Monday, November 3, 2014

Getting Away, or Getting Away With It

I don’t mind telling you that I’m just a bit tired. Last week we spent our days walking on the beach, sitting on the Healing Porch, eating wonderfully creative food that should be known among the gourmand elite. All-in-all, it was a tough week. Sunshine every day, temperatures in the high 70s and low 80s, sun and sand and surf. It was truly grand.

Yesterday we had snow. Not much, and not bad, and today it blew away with warming temperatures and sunny skies, but still. And that means we are being warned, not warmed. The prediction is for a hard, cold winter. Well, yes. We do live on a mountainside, we do experience cold and snow and the charm of woodsmoke and hearty stews and toasty fireplaces. We have an old bed warmer, a long-handled copper pan that we can fill with hot coals from the fireplace and then circulate under the covers for a few minutes before climbing into bed of a cold winter’s night, but in reality, we seldom use the fireplace, we burn our wood outdoors in a special furnace that sits some 70 feet from the house itself, and we maintain a comfortable living space that serves us well.

The impact of returning home was somewhat lessened by the greeting we received from the dogs (who had spent the week at a country inn), and by the opportunity to see (and hold and kiss) the newest member of the family, born while we were away. He’s a grand looking little fellow, full of cuteness and huggableness (being a writer means you can make up words) and, of course, infinite promise. There is more warmth in that than in a year of sun and surf.

So now it’s back to work. I spent part of every day away, working on stories that I have not yet published. I’m thinking a collection (they are mostly short, novella-length or less) might be the next publishing venture, or a novel I have written three times and can’t find the version that truly satisfies me. I’ll tell you about it if I decide to rewrite it one more time, to get it right, and send it out into the world. But it takes time.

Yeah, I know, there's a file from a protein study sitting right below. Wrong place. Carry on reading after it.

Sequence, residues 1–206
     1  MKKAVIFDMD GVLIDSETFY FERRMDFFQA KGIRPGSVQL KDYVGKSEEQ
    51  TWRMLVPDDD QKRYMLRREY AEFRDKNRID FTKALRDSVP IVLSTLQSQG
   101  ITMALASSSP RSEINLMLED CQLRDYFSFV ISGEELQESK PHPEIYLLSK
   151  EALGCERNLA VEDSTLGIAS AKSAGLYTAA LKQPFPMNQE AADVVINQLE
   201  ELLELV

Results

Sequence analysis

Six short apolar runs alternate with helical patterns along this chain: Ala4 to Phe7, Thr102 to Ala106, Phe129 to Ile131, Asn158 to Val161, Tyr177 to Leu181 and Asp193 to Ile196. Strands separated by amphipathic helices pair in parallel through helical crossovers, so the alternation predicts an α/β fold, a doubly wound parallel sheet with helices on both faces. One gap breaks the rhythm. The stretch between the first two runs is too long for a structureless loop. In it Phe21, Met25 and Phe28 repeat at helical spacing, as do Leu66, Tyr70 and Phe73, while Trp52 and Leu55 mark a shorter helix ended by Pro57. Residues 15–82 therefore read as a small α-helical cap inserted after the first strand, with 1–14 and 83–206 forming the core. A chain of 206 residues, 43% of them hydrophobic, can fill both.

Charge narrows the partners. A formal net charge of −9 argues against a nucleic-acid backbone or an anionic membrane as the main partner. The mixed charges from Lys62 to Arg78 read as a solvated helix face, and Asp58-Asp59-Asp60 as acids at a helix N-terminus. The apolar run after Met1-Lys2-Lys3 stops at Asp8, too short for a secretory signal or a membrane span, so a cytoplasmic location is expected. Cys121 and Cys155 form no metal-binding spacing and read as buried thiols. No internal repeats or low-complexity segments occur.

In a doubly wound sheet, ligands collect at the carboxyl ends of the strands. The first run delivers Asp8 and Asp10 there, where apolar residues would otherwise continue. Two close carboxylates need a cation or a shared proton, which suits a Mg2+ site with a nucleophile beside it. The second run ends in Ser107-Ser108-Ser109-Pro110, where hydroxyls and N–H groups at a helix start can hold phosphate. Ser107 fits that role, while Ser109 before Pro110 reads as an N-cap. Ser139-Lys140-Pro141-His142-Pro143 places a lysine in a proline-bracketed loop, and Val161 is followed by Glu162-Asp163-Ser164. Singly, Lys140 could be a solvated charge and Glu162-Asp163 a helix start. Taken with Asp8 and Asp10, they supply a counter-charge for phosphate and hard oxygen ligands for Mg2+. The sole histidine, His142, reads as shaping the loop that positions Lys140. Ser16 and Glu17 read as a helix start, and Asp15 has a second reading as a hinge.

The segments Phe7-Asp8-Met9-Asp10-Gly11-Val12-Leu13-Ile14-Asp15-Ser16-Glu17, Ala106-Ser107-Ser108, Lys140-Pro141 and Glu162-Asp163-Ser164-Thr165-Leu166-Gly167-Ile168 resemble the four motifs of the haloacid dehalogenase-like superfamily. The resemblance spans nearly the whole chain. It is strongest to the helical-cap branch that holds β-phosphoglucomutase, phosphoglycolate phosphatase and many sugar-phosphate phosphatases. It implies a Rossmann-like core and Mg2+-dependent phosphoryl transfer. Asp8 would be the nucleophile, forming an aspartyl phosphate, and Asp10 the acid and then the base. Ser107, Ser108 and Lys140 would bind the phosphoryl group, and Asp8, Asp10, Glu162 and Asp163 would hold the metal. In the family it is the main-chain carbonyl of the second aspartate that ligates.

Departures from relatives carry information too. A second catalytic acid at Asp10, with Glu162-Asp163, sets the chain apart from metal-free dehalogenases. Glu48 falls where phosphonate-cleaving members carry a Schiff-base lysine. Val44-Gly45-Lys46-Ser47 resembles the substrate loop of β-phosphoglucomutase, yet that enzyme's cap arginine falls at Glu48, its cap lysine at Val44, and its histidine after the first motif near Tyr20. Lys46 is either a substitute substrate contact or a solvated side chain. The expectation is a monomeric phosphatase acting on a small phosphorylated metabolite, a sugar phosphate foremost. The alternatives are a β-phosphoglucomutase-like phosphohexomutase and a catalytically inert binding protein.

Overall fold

I don’t know about you, but I have always found vacations interrupt my working rhythm as much as they help me feel ready to take on whatever comes next. Finding the right balance is always a trick to be mastered (some never do), and for a writer it is perhaps just a bit harder than for others. The thing is, you see, when you write, you are putting yourself into a peculiar and uncomfortable position. You are proposing that complete strangers look at your innermost thoughts and deepest feelings and interpret for themselves who you are. You are asking people you don’t know and will never meet, to comment on your abilities, you skills, your art. Those are the things that make up the person the writer is, and by presenting oneself, even through a fictional story, you are literally (literarily) offering yourself up for a slicing and dicing that makes what the gourmet chef does to a carrot look like first grade finger painting.

Is it any wonder that a week of talking, laughing, listening and holding yourself in a static mode is something a writer approaches with mixed feelings?

As I write this I am also thinking about tomorrow, about election day. I will spend the day, starting about five AM, with two of my neighbors, running our local precinct. Of the 100 or so registered voters we serve, we hope all will turn out, but about 65% usually do. Still higher than many places. I hope you will take the time to go and, with thoughtful consideration, vote your conscience and beliefs. If we all do that, we can take a giant step toward protecting the life to which the founding fathers pledged their lives, their honor and their sacred fortunes.

Staying home should not be an option.


  1. Now..... if only those whose names adorn those ballots truly shared the beliefs of their constituents and are not merely voicing those beliefs to garner our votes only be forgotten before the end of their trip to Washington/Richmond. I'm really afraid that they will arrive with only partisan bias and continued gridlock on their minds. And, we are the only ones who lose!!! Moi-nonymous.

  2. I agree! And where are the candidates who discuss the really pressing issues, like the minimum wage, corporate taxes and tax havens, and the way our states are starved for revenue? Founding Fathers' "sacred fortunes"? A good formulation, especially in light of the property requirement for voting those days, resulting in an electorate that was about 6% of the total population, I'm told. Sacred indeed: it entitled them to participate in the democracy!